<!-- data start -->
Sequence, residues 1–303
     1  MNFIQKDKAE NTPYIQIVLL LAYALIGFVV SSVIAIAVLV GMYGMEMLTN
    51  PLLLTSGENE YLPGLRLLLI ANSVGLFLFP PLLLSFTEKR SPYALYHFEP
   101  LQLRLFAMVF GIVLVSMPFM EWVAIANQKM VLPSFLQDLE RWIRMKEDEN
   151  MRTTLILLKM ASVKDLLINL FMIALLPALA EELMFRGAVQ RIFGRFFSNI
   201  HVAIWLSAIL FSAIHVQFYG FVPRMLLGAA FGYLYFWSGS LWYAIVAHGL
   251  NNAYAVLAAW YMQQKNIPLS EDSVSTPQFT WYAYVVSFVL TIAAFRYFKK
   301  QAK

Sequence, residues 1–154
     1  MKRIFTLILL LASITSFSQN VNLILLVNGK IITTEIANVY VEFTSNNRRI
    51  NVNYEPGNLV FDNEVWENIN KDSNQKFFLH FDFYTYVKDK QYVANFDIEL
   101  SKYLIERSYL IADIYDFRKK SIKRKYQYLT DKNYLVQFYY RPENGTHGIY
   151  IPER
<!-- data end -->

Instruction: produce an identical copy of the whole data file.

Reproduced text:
Sequence, residues 1–303
     1  MNFIQKDKAE NTPYIQIVLL LAYALIGFVV SSVIAIAVLV GMYGMEMLTN
    51  PLLLTSGENE YLPGLRLLLI ANSVGLFLFP PLLLSFTEKR SPYALYHFEP
   101  LQLRLFAMVF GIVLVSMPFM EWVAIANQKM VLPSFLQDLE RWIRMKEDEN
   151  MRTTLILLKM ASVKDLLINL FMIALLPALA EELMFRGAVQ RIFGRFFSNI
   201  HVAIWLSAIL FSAIHVQFYG FVPRMLLGAA FGYLYFWSGS LWYAIVAHGL
   251  NNAYAVLAAW YMQQKNIPLS EDSVSTPQFT WYAYVVSFVL TIAAFRYFKK
   301  QAK

Sequence, residues 1–154
     1  MKRIFTLILL LASITSFSQN VNLILLVNGK IITTEIANVY VEFTSNNRRI
    51  NVNYEPGNLV FDNEVWENIN KDSNQKFFLH FDFYTYVKDK QYVANFDIEL
   101  SKYLIERSYL IADIYDFRKK SIKRKYQYLT DKNYLVQFYY RPENGTHGIY
   151  IPER